06 Jul Why you should play what you love
Lately, I’ve been listening to a lot of songs from my childhood. I’m talking everything from greatest hits from bands like Chicago and Earth Wind & Fire, to old Broadway soundtracks like West Side Story, A Chorus Line and the like. Listening to some of these songs have brought back memories I had forgotten about, and some songs almost (kind of a corny way to say it, but …) “transport” me to when and where I used to listen to (or in my case, play) them most often–in my car, in my bed with headphones on, at my piano, playing along on my drumset with headphones, with an old girlfriend, whatever!
Chances are, there are more than a few songs that remind you of happy memories or make you feel the same way. It’s small tokens like songs I hold onto dearly, as do many others.
So, I started playing some of my favorite songs on piano. It brought the joy back into playing. Now, whenever I’m feeling like I need to hit the “refresh” button, I pull out a few of my favorite tunes I don’t normally play, just for my own enjoyment.
Through the years of playing piano and teaching others, I’ve noticed that, while some songs can really teach a lesson or skill that all players need to know, if the musician/student is not playing songs they enjoy, they tend to lose interest. And now, that includes you: if you aren’t playing songs you enjoy, you might start asking yourself, “what’s the point?”.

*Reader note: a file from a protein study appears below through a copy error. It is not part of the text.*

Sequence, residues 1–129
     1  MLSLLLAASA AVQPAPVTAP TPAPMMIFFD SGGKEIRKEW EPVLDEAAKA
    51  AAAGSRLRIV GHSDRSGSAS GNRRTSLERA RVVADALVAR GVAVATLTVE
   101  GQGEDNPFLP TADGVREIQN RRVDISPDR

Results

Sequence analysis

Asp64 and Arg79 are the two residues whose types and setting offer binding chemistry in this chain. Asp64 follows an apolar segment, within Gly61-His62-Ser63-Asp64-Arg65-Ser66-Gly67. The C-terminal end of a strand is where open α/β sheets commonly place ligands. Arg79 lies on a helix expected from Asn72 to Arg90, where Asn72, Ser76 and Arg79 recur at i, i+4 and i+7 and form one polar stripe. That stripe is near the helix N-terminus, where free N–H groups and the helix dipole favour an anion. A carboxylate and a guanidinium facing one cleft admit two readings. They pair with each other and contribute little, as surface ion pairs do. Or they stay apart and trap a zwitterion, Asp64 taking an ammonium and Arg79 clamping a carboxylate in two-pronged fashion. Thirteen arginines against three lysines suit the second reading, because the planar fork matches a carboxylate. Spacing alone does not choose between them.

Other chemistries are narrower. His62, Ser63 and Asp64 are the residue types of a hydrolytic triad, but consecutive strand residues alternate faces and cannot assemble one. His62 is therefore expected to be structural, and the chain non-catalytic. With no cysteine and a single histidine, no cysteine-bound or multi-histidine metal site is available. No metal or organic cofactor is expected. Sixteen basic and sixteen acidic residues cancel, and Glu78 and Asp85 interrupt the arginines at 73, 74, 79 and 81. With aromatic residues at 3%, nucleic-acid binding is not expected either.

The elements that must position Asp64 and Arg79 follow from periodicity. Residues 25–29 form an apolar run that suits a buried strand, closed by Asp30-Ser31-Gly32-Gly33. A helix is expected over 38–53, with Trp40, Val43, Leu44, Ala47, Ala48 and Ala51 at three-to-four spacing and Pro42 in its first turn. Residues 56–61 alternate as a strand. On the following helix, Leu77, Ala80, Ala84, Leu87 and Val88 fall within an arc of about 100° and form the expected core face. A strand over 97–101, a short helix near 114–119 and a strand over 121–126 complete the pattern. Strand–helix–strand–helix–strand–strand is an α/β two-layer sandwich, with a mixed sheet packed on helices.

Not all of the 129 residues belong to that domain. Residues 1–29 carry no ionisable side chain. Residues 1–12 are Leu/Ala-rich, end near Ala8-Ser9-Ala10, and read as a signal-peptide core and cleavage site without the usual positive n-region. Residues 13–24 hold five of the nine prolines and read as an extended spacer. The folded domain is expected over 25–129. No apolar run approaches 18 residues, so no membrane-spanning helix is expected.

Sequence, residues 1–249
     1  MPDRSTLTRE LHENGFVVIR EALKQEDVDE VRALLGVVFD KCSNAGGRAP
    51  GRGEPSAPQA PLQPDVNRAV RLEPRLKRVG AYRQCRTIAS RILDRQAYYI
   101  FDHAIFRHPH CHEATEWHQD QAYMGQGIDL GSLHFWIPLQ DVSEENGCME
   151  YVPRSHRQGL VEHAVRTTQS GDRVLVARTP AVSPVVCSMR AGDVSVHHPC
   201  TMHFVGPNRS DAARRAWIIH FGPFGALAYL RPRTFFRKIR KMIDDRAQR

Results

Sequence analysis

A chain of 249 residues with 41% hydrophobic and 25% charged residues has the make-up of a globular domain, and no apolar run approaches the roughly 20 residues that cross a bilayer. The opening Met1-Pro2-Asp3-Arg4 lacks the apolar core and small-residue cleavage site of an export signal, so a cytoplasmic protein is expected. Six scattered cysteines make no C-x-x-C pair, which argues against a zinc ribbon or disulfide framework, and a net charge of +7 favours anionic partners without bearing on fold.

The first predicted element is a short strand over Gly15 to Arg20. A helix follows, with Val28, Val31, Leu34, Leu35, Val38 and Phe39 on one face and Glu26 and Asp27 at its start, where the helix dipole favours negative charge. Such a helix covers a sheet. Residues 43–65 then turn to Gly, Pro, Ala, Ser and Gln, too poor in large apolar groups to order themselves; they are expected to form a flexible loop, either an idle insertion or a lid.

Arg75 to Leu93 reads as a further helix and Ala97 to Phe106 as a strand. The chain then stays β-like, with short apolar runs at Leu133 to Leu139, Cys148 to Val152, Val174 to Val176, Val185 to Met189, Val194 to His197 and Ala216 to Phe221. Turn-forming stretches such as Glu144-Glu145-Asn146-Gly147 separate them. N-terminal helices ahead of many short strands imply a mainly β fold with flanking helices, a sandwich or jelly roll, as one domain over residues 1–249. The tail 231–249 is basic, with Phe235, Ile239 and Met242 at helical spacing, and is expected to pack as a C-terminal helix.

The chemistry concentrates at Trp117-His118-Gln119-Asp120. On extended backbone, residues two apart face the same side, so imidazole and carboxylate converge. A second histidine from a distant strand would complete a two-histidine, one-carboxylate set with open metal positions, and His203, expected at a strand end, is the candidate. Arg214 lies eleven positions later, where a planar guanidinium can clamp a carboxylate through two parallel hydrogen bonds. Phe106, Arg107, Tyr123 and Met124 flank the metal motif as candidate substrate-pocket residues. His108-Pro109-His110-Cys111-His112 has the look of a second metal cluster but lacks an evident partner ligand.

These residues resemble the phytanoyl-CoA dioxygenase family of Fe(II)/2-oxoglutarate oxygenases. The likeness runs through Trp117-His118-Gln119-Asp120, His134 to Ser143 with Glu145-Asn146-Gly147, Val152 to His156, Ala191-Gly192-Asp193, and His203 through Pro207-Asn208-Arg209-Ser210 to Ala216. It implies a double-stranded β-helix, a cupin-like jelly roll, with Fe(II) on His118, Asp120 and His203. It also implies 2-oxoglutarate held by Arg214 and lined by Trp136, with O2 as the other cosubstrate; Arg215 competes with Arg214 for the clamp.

Thankfully, we now have the internet as a resource. I encourage you to search for piano fake books— these books use lead sheets, which means you’ll be able to understand the notation right away for all the songs you know and love. Some fake books even come in a Kindle version, so you can prop your Kindle or other tablet/device on your music stand and play away, without worrying about waiting for a book to arrive at your doorstep or your nearest bookstore.
Or, you can always give yourself a new challenge and pick out a song by ear. There are songs we know like the back of our hand, and I know that my students get to a point of being able to play by ear once we’ve worked on chord progressions long enough! I’ll give you a hint too–lots of popular songs have no more than 3 or 4 chords in their chord progressions, so chances are good you’ll find that many of the songs you’re trying to play will use the same chords over and over again.
Go ahead— take a leap and try playing some of your favorite songs today!